(warning, nerd alert) Ah, a math puzzle! Even better, a geometry puzzle! It's a shame that this didn't run on Pi Day (3/14), but a person can only dream. Jean uses the famous formula for area of a circle, pi*r^2 (or "PI R SQUARED"), and for circumference, 2*pi*r, where r is the circle's radius. It took me a while to figure out what was going on with 2 PI R because I always think of it as PI D (d = diameter), but sure enough, 2 PI R is totally legit.
And to top it off, Jean's incorporated FULL / CIRCLE into the grid, a nice revealer hinting at the two formulas. I like that it doesn't hit you over the head like some revealers do; rather, it hints at what's going on, leaving the rest up to the solver's imagination. I would have liked to seen FULL / CIRCLE not split up, or at least placed in closer proximity, since I don't like jumping all over the grid for cross-referenced clues. Placing those answers both in the SE corner would have achieved that, plus would have given the added bonus of not having the revealer appear until the solver is near the end of the puzzle. But that might have been quite difficult to achieve, given the grid layout.
Rebus squares can be tricky, and typically I like to see them kept to four letters squished in or less. SQUARED obviously can be much better represented by a superscript "2" in print, but plenty of solvers will prefer to write in SQUARED since SQUARED AWAY looks so much more correct than ^{2} AWAY. I did like the variety of it all, in that experienced solvers aren't used to having a mix of rebus squares, regular ones, and numbers. Neat mix.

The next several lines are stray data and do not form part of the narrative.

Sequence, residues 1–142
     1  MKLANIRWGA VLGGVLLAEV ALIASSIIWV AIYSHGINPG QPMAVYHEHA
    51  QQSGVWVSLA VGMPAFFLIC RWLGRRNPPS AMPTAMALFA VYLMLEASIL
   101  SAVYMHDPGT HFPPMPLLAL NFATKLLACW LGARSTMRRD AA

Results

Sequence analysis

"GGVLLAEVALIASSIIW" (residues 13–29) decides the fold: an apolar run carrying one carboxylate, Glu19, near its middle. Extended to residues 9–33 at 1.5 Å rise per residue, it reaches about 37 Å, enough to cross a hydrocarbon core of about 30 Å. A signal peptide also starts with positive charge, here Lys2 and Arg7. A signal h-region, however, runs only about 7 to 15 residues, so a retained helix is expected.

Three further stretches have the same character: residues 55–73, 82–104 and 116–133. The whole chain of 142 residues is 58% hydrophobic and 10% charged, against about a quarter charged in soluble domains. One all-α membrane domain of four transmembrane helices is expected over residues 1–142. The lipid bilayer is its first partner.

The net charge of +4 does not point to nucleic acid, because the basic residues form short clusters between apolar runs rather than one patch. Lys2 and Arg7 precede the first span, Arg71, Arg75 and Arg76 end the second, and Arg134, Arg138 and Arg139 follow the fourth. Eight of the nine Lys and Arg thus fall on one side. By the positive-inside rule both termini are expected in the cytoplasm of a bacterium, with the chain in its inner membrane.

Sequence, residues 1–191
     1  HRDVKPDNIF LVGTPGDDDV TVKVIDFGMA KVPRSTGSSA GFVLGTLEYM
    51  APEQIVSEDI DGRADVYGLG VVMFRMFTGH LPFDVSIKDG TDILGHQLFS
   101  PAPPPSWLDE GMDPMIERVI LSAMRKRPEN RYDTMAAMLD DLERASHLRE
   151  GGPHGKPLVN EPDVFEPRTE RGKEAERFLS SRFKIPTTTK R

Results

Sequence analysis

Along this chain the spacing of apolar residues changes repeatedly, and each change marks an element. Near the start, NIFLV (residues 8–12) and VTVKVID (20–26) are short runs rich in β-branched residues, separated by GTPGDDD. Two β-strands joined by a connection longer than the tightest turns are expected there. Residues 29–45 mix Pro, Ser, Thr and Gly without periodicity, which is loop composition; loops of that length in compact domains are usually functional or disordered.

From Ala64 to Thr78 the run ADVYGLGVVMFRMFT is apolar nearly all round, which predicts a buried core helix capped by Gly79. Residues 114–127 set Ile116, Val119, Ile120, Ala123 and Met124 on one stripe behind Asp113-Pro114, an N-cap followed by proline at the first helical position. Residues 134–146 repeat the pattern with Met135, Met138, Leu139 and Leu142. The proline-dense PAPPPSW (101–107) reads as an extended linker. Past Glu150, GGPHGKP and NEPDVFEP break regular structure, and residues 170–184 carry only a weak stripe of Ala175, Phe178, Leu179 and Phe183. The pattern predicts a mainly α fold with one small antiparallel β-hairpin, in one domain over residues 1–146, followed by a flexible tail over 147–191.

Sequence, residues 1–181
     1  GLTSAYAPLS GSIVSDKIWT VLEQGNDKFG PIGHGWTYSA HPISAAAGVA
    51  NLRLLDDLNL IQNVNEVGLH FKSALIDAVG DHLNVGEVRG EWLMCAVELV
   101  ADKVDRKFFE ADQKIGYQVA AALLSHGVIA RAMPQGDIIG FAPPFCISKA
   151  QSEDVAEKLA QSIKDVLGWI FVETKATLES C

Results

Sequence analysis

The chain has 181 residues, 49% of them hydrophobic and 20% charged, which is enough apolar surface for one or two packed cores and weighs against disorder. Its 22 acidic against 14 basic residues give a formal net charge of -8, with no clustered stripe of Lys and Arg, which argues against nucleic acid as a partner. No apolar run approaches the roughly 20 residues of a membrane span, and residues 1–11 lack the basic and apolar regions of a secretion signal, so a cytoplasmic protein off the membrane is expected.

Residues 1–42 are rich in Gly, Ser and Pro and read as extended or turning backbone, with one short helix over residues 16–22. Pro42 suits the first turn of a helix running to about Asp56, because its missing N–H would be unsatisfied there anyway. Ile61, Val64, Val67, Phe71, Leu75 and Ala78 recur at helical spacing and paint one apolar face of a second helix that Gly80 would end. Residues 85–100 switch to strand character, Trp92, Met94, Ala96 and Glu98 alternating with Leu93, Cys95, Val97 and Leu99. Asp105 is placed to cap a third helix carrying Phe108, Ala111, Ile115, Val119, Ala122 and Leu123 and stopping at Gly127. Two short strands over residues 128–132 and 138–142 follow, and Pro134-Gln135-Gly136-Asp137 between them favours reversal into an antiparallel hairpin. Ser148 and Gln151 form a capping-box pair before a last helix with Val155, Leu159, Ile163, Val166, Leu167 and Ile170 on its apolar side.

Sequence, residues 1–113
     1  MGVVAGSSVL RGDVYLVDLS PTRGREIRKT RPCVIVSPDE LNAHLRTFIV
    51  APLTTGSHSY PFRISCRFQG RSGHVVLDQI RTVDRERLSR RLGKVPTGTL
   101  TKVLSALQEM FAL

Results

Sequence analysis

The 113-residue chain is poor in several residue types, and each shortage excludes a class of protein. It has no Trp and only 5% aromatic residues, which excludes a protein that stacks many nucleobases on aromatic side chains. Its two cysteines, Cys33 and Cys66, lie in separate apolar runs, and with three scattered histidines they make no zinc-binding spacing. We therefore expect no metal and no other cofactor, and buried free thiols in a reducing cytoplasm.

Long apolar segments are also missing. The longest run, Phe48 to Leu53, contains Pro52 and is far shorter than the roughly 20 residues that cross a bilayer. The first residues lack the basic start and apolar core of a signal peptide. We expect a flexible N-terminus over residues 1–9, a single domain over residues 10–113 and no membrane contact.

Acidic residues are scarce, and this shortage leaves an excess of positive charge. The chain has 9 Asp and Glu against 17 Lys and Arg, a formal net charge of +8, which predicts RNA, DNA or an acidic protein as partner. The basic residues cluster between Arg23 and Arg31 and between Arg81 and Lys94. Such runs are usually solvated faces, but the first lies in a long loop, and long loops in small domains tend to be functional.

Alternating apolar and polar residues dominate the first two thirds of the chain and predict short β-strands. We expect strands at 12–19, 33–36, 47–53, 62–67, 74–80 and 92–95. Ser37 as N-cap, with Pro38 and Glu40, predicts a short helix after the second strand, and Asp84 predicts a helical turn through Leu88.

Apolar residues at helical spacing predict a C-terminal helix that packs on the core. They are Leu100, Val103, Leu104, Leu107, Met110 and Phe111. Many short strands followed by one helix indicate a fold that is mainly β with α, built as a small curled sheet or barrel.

Because the theme is squeezed into compacted areas, the rest of the grid is fairly wide open. Jean does a nice job of incorporating other long fill, such as BIKINI TOP (my favorite, of course), BANISTER with its neat misdirectional clue (flight of stairs, not airplane flight), and TAX EVADER with a great clue, "duties" meaning "levies," not "responsibilities." Great to get a healthy dose of wordplay. There are some compromises like OR IN, ORO, WE SAY, but I sure liked getting all the great long stuff. Not a bad trade-off.
Finally, for those of you wondering, FOURH is good old 4-H. It's strange to me since I never see 4-H written FOUR-H, but it's almost kooky-looking enough for me to I like it.